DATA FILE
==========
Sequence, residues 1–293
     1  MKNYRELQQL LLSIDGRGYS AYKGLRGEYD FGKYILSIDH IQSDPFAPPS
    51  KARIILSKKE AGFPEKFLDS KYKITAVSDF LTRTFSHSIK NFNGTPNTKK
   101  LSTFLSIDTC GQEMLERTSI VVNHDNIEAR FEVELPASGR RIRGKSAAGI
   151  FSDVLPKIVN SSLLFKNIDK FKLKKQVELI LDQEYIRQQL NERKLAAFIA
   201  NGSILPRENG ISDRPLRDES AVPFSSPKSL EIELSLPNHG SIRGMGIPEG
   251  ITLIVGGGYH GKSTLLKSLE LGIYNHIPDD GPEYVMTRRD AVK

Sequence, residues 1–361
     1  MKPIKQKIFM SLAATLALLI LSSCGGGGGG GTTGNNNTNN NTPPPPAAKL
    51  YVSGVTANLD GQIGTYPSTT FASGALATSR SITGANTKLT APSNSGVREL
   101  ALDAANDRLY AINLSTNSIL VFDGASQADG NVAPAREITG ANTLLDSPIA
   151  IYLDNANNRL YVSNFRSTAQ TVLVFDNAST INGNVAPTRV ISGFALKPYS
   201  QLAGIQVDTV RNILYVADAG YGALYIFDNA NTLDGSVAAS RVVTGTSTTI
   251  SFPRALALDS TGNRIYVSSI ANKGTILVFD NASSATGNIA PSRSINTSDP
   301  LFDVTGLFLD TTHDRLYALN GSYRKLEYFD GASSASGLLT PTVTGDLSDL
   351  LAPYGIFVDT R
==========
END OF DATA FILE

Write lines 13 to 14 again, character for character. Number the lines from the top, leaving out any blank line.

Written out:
   201  QLAGIQVDTV RNILYVADAG YGALYIFDNA NTLDGSVAAS RVVTGTSTTI
   251  SFPRALALDS TGNRIYVSSI ANKGTILVFD NASSATGNIA PSRSINTSDP